Community-based Natural Resource Management (CBNRM) focuses on the collective management of ecosystems to promote human well-being and aims to devolve authority for ecosystem management to the local (community) level. CBNRM therefore requires strong investments in capacity development of local institutions and governance structures. CBNRM has come under strong criticism for its failures to deliver real benefits to communities. In this paper we explore the reasons for the frequent failure of CBNRM. We postulate that good governance buffers CBNRM against unexpected change, notably conflicts, especially in the early stages when income generation, infrastructure development and capacity development have not yet taken place. We assess the key characteristics of CBNRM governance systems that could perform this buffering function, using case study examples from Macubeni, Nqabara, Makuleke and Richtersveld to support our propositions. In our case studies, 11 strategies have been used to increase the incidence of success of CBNRM: understand and describe the social-ecological system; establish and communicate a clear vision; build on local organizations; plan ahead; create rules for resource use and enforce them; communicate the vision, plan and rules; develop management capacity; finance the initial stages of the initiative; work within available legal frameworks; monitor and learn all the time; and create lasting incentives. Despite these strategies there are, however, a number of obstinate implementation challenges, related to governance shortcomings and external factors which management cannot control. We therefore propose seven additional strategies to promote good governance in CBNRM:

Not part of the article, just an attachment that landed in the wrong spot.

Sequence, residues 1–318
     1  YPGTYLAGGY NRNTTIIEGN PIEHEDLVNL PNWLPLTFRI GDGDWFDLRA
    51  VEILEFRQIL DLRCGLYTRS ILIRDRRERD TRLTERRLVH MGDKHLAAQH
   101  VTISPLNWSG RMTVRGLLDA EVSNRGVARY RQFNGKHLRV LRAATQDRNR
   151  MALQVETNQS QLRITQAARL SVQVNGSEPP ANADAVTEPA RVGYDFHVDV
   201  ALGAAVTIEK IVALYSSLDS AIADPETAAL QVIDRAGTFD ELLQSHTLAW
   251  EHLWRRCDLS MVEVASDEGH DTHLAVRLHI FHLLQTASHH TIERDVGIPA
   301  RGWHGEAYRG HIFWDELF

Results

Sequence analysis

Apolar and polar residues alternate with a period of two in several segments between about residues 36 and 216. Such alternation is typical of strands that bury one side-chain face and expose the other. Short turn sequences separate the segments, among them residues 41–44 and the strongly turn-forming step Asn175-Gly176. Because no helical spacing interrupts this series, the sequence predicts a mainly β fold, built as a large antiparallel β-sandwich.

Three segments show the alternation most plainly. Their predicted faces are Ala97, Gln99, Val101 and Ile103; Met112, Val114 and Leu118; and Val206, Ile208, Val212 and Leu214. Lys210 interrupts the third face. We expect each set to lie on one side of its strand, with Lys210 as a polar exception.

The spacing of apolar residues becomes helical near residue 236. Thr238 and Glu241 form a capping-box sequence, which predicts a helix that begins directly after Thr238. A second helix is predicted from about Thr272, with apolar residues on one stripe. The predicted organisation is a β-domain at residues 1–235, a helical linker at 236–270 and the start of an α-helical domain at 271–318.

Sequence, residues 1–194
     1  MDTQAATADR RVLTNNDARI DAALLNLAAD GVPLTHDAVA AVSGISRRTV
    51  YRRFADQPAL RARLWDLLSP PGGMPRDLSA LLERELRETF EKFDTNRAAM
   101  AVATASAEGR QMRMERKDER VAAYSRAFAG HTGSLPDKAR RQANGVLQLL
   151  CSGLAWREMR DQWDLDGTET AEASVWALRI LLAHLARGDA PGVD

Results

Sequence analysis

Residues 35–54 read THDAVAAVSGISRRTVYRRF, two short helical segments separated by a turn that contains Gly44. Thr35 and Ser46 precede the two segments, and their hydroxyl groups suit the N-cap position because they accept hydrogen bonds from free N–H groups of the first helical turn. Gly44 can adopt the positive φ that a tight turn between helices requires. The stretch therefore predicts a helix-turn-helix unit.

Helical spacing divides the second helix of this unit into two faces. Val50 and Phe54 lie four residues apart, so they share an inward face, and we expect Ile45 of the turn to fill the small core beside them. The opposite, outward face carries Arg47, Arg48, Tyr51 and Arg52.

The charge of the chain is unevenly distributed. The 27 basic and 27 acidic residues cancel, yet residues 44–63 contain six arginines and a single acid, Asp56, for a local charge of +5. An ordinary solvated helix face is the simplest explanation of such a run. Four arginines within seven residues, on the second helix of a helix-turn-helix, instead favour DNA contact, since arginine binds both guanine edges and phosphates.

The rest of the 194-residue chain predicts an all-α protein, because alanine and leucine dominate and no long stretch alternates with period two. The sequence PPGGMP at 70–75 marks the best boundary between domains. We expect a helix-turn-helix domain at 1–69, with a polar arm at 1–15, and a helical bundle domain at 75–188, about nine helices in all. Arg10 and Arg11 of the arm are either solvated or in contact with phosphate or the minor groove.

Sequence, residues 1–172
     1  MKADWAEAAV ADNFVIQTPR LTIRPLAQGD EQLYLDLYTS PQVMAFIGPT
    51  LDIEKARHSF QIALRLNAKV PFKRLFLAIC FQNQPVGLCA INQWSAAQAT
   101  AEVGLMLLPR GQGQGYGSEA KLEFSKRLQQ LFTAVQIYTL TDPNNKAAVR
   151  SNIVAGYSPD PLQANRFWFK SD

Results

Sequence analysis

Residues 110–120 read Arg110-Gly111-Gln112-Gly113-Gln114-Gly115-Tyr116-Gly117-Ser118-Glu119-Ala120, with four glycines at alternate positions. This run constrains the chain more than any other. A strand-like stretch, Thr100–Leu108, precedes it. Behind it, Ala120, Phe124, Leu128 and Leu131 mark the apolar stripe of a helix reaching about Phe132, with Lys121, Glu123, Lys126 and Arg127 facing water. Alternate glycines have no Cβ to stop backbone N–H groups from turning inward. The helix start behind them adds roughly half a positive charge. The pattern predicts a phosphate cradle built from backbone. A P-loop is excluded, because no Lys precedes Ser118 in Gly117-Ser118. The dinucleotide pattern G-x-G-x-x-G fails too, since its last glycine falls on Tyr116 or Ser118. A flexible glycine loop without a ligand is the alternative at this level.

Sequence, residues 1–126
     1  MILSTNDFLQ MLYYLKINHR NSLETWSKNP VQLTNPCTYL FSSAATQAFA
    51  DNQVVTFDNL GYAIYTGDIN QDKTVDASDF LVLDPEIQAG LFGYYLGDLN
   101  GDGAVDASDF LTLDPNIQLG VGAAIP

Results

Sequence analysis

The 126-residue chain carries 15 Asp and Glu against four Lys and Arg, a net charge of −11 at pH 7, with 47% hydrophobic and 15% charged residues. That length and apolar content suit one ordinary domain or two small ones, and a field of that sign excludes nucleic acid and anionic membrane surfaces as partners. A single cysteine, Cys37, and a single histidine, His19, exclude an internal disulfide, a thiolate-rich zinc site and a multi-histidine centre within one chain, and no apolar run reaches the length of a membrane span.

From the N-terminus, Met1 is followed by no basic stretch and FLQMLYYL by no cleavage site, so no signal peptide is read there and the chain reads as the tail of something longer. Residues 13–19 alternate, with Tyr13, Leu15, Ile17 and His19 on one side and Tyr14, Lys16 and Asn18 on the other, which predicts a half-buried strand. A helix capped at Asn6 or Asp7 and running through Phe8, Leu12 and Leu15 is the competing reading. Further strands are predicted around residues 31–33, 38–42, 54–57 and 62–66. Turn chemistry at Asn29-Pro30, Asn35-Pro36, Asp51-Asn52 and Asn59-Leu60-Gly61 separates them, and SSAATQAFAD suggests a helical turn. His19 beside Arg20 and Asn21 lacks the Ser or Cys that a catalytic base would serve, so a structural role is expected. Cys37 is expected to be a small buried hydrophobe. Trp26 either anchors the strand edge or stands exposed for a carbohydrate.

1. Develop knowledge networks that draw on the experience and wisdom of a wide range of key individuals.

2. Establish formalised decision-making structures (e.g. multi-level project steering committees) with clear constitutions and codes of conduct.

3. Clearly define and legitimise conflict resolution procedures.

4. Ensure acceptance of the governance structure by community members.

5. Obtain formal commitment to well-defined roles and responsibilities by key individuals.

6. Establish tangible incentives to key individuals for meeting their commitments.

7. Develop the capacity for facilitation to promote communication.

Local communities, government and scientists have important roles to play in maintaining these knowledge and governance networks through adaptive co-management.